The representatives of the workers did not have the capacity or the incentive structure to present the best arguments.  There was no reward for them personally if they succeeded; no disincentive if they failed to get the best deal.


With all the financial incentives to be tough, most times, employers would refuse to grant the full adjustment, without ever having to provide any credible evidence of their inability to pay the requested adjustments.  Most times, when there was no consensus, the independents would side with the employers.


And unfortunately, the Secretariat provided by the Ministry of Labour was not able to present data that could have strengthened the case for the workers.  They sometimes lost minutes of meetings.  Sometimes WROs would not be gazetted in time.


Most times, the adjustment agreed to was lower than the change in the Consumer Prices Index.


This happened year after year, decade after decade.  And the ever-present inflation kept eroding the real value of the minimum wages.


Over the period of thirty five years, the difference to just 20,000 workers alone would cost them some $2.8 billion dollars in today’s currency.


And the failure of the Wages Councils is therefore one key factor explaining the poverty of the lowest paid workers in the country.




   The Report recommends that there should be a special Secretariat for Wages Councils set up within the Ministry of Labour, with two new full-time fully-funded senior positions.


First, a post of Wages Council Arbitrator– at the CEO level – who would chair all meetings of all the Wages Councils, hence ensuring consistency and accountability.


There would be a second senior position- the Workers Councilor (Deputy CEO level)- to guide the work of the Secretariat and to argue the best case for the workers.


The employers’ and workers’ representatives would be drawn from the industries and workers concerned.  The Minister may appoint independents.


The Wages Council Arbitrator and the Workers’ Councilor shall have full access to all the records of the Ministry of Labour.


Bound by the FIRCA oath of secrecy, only these two senior executives would have the right to see in confidence the audited accounts of employers who claim inability to pay.


Mandatory Meetings and Processes of the Wages Councils


   The Wages Council Arbitrator must ensure that that all meetings for all Wages Councils are held, decisions reached, and new WROs are gazetted to become effective by the 1 January of each year.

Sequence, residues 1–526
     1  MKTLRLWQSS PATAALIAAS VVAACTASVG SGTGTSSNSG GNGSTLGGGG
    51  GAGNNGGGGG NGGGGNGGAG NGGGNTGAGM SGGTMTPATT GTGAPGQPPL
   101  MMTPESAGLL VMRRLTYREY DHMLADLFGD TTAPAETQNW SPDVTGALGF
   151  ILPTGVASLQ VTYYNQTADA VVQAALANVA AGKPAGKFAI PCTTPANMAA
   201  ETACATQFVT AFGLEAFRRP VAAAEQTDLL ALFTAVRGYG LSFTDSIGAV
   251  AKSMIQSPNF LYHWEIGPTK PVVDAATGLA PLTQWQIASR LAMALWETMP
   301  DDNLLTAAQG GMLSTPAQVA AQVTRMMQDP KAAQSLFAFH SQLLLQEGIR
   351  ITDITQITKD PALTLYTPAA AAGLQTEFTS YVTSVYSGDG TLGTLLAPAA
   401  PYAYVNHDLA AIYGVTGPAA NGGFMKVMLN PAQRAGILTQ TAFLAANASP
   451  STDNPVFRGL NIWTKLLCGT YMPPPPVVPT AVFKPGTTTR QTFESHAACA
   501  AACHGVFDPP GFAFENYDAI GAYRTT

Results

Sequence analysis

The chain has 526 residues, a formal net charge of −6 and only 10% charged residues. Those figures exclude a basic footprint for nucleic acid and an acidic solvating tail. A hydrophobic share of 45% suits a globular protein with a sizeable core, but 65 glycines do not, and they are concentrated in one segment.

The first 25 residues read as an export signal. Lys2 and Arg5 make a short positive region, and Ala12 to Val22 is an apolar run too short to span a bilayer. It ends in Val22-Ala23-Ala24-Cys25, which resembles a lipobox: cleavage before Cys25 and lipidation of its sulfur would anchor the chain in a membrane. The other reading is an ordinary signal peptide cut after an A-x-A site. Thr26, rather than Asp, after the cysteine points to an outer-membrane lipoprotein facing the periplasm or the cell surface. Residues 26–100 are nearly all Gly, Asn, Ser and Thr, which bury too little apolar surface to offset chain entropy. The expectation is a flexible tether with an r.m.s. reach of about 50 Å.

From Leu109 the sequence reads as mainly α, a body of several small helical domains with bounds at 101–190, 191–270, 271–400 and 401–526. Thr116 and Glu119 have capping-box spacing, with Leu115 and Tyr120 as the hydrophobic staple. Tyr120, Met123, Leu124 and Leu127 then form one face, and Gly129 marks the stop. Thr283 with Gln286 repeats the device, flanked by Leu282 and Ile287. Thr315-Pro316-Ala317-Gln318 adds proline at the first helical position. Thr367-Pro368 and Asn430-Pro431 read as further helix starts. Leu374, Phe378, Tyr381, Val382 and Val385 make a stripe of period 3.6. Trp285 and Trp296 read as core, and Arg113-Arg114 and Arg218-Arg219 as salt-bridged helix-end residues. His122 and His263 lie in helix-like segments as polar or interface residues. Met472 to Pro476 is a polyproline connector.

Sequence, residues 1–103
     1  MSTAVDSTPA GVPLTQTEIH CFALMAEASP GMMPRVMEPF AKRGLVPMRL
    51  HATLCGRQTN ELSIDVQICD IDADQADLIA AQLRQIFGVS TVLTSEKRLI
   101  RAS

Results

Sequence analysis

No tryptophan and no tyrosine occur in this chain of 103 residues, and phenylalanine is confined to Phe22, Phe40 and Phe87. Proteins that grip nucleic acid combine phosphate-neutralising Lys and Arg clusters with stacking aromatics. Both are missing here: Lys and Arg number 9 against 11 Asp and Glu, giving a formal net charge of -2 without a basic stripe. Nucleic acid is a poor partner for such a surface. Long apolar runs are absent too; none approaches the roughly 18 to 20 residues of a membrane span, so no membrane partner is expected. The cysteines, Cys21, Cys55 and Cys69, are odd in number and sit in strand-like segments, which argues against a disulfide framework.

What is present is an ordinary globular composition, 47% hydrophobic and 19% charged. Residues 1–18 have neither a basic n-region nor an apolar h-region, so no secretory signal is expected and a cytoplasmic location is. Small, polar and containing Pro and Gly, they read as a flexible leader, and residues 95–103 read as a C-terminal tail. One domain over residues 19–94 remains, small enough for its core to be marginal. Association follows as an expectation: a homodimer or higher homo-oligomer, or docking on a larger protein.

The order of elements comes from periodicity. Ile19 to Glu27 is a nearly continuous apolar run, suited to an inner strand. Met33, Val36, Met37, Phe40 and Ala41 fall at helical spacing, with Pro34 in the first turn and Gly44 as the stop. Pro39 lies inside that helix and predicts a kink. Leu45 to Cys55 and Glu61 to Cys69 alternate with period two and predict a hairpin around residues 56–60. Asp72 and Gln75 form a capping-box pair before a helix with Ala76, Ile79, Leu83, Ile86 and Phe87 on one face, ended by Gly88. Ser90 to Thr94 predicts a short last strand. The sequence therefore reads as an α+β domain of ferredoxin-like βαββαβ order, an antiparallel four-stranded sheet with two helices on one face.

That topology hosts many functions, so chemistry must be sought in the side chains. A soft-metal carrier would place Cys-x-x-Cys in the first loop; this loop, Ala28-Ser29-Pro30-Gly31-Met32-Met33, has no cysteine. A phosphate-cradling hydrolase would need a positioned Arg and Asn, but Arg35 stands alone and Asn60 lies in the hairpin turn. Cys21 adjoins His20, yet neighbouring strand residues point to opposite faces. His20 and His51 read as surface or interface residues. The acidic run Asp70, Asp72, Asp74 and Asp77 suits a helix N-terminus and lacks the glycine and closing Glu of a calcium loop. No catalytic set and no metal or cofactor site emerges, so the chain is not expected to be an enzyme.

The meetings shall continue and decisions made by the Wages Council Arbitrator, with or without the presence of  employers’ or workers’ representatives, or the Independents.  The onus shall be on the representatives to sent replacements.


Should employers’ representatives disagree with the proposed WRO on the basis of “inability to pay”, the onus must be on them to present acceptable evidence on their arguments for a different rate, which should be specified.  All such submissions for variations should be presented at the first meetingof the Wages Council concerned.


For sensible decision-making to take place, the Secretariat will have to go through a major data gathering, collating and analyzing exercise to ensure that each Wages Council has all the information they require to make sensible decisions.




   Stakeholders must accept that employers cannot pay minimum wages based on purely ethical and moral grounds, and an assessment of what is required for a decent standard of living inFiji, as defined by some Basic Needs Poverty Line.


The capacity of the employer to pay the required rates and sustain his business as a viable entity, making “socially acceptable” rates of profit, has to be an equally important consideration.


Of course, there will be much debate on what constitutes “socially acceptable” rates of profit, given the investments made and the nature of the risks undertaken.


But if employers do have goodwill and a spirit of partnership towards the workers of this country, in good times and bad, then the revamped Wages Council could go a long way to looking after the legitimate interests of  both workers and employers.


Ultimately, however, the only long term solution is high levels of investment in WTO-compatible areas, to enable sound economic growth creating jobs in high wage areas.